Junction box question. Could use some help.

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  #1  
Old 01-16-06, 09:35 PM
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Junction box question. Could use some help.

I have a junction box with five cables going in. So thats five neutral wires. What is the max number of neutral wires you can tie together using a marrette?

(4)------(3)


() is a marrette.
------ is one neutral wire joining them together.
4,3 is the number of neutral wires.

I hope you understand what Iam tring to explain. I have a junction box with five cables coming into the box , but I can't tie 5 wires together using a marrette. I wanted to know if using a spare neutral wire to join the to together is ok or not?
 
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  #2  
Old 01-16-06, 09:45 PM
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Originally Posted by paramedic416
What is the max number of neutral wires you can tie together using a marrette?

(4)------(3) () is a marrette.

I wanted to know if using a spare neutral wire to join the to together is ok or not?
You don't state your gauge but I am pretty sure I've done Five #12 in a blue Ideal. (First time I've heard 'Marrette'! Thanks for expanding my vocab!)

Otherwise I have also had situations where I had to run jumpers between wirenuts for grounding.

I would guess that's OK for neutrals too because the alternative is to not bond them, and at best that wouldn't work right and at worst would be a hazard.
 
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Old 01-16-06, 09:46 PM
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I understand your "picture" and your question. But I have no idea what a marrette is. Are you in the US? Is it some kind of wirenut? Can you use a bigger one? However, the answer to your question is yes. How many different circuits are using this neutral?

Of course, right after I post this, I'll be Googling "marrette"...

Edit: a "marrette" is a wirenut. I guess I'm too young...
 
  #4  
Old 01-16-06, 10:03 PM
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Junction box

Not sure how many circits are in this junction box. Working with a house thats 30-40 years old. But Iam in the process of figuring it out. Is there an easy way to find out where these wires are going? Can't follow the lines, there behind walls. The centre of the house is on one circit and the fuse keeps going when the micowave is turned on. Iam tring to take one of the bedrooms off of the circit thats over loaded and tie it into another circit. I guess I just have to find a way to identify which recepticals, and lights are on which circit. Not so easy.
 
  #5  
Old 01-17-06, 05:50 AM
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Originally Posted by paramedic416
Not sure how many circits are in this junction box.

Is there an easy way to find out where these wires are going? Can't follow the lines, there behind walls.
Sorry my previous post was based on the assumption that all five wires were on the same circuit. Definitely do not bond the neutrals of separate circuits unless this is a multiwire circuit, which in residential is generally two hots sharing a neutral.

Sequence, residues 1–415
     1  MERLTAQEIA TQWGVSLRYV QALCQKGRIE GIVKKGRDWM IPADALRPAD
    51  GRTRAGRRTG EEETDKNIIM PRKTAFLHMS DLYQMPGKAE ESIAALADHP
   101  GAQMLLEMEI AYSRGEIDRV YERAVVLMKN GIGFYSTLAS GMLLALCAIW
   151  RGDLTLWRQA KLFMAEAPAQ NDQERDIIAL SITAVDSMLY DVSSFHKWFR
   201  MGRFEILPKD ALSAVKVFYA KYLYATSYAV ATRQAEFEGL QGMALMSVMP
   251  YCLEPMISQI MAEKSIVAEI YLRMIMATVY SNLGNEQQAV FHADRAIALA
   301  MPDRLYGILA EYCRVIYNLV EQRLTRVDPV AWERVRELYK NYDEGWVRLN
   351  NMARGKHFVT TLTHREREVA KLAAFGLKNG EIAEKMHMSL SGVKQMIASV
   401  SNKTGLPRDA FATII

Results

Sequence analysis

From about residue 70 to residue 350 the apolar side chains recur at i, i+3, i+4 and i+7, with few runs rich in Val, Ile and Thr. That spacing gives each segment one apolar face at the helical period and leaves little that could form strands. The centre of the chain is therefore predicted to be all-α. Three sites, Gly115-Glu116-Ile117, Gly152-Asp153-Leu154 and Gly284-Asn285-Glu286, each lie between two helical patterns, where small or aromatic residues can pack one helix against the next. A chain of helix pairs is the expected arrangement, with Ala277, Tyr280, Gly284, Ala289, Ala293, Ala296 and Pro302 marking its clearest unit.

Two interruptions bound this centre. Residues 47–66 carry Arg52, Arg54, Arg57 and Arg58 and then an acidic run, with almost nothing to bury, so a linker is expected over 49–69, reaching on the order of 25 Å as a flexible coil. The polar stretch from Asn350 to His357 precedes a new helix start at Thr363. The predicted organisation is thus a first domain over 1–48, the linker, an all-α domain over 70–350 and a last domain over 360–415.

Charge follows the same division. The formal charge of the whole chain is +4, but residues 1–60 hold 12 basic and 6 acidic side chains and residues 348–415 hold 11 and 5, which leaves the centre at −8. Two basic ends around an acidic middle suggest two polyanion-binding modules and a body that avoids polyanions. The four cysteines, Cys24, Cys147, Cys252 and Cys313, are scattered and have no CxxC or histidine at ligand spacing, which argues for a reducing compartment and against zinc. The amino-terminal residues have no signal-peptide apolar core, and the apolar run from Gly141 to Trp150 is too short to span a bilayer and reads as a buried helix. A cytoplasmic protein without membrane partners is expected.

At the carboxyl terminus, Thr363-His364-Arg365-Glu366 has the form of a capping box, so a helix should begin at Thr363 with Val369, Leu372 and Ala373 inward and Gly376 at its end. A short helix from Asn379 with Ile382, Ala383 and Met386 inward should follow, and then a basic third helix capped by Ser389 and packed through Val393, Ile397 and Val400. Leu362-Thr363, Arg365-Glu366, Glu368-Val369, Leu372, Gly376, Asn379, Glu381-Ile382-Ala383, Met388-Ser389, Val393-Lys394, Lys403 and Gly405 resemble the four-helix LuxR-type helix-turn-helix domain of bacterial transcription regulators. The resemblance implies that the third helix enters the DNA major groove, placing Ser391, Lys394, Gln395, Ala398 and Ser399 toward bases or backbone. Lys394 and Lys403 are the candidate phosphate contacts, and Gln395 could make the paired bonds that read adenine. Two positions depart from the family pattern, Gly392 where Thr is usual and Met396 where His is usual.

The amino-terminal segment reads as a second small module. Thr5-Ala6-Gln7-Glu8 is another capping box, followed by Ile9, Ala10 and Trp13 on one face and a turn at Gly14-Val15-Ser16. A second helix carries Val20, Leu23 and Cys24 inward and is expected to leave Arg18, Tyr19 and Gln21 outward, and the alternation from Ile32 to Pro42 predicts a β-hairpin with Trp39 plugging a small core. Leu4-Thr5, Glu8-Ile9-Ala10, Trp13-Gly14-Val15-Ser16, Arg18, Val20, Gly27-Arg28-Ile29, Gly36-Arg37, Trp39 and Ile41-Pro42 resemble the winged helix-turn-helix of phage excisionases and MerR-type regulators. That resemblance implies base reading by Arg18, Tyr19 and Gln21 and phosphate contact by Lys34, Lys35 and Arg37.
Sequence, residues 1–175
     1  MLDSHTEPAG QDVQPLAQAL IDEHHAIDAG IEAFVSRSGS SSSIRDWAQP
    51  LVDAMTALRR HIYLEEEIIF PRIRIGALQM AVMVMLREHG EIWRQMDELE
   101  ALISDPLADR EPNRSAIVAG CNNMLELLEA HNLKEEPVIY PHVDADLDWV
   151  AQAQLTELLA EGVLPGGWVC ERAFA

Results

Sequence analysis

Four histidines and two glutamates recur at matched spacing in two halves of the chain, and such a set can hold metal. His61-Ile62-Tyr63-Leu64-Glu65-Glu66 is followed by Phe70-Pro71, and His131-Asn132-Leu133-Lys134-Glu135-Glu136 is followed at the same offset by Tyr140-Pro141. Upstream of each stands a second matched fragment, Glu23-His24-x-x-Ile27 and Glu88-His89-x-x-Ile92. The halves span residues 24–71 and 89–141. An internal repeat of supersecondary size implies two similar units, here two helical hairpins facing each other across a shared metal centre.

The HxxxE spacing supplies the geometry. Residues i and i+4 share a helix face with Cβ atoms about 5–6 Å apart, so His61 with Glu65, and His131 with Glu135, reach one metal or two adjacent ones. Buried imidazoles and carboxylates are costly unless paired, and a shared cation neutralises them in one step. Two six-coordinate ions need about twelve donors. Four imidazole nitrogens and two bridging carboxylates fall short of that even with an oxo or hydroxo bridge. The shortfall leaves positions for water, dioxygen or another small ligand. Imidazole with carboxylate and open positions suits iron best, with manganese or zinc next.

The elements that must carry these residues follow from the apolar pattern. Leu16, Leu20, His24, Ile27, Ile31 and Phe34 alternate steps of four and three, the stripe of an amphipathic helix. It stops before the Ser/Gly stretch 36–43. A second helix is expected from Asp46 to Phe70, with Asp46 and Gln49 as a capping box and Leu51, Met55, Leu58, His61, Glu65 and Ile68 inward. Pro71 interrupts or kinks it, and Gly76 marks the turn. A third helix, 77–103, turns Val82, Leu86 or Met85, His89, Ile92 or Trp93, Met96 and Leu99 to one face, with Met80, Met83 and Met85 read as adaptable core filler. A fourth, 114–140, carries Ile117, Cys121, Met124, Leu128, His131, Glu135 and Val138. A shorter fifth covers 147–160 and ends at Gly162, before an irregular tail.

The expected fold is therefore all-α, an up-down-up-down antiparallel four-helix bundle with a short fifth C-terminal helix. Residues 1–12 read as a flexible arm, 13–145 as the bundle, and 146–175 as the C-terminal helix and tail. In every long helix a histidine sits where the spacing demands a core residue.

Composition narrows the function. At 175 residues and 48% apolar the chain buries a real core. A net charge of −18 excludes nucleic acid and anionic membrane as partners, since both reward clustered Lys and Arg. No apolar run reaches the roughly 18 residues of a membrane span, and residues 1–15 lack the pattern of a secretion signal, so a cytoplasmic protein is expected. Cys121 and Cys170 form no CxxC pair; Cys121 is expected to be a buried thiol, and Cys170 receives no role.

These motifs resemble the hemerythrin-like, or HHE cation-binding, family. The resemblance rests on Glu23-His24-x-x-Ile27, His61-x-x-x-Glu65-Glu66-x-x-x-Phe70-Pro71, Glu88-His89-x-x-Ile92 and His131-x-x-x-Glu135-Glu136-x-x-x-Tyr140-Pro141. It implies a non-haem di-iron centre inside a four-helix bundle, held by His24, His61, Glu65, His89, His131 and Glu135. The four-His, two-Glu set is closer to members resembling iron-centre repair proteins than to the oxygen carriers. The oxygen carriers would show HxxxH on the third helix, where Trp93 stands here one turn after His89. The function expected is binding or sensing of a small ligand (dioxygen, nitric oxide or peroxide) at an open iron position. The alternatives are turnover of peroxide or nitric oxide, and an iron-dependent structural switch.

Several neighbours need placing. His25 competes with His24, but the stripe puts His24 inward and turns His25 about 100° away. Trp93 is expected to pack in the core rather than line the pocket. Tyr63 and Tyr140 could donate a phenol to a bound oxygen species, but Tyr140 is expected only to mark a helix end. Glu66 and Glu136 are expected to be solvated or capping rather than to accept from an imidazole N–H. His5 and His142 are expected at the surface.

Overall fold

You need an outlet tester, also a non-contact neon tester such as a Fluke 1A, and preferably a meter, pencil and paper. With the power off isolate & wirenut all the hot wires in the box and then with the neon tester start checking to see which fuse or breaker controls which hot. Draw a diagram of all the affected lights, switches and receps and start connecting them with the pencil. Good luck.
 
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Old 01-17-06, 05:58 AM
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bink

I had to google also. A marrette is a trade name for wire-nut.
 
  #7  
Old 01-17-06, 06:30 AM
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If you are using wire connectors of any sort, you need to be aware that there are allowed limits for the sizes and numbers of wire to use. You have to read the instructions and determine if you are applying the connector correctly. If you look at the package that the connectors came in, you will see instructions stating the types of wire that you can use (solid, or solid and stranded), the material (usually copper only, but there are wire nuts listed for aluminium), and the wire gages and combinations. Often there is an abbreviated list of allowed combinations, and you need to look up the complete list.

Here is the 'allowed combination' list for Ideal Industries, a company that makes 'WireNut' brand wire connectors, among others:
http://www.idealindustries.com/pdf/Combinations.pdf

A properly sized connector should be able to take 5 conductors. If you are using 14ga wire, you might want to consider using an Ideal #22 set screw wire connector; with these you insert the conductors (not twisted) into a brass sleeve, and then tighten a screw to make the splice. You can inspect the splice from all sides to be certain that you've captured all of the conductors correctly. The brass sleeve then screws into a plastic cover. I love these for any 'difficult' splices, though they are a bit expensive (about $1 per splice).

-Jon
 
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Old 01-17-06, 01:34 PM
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junction box

Thank you for your help...
 
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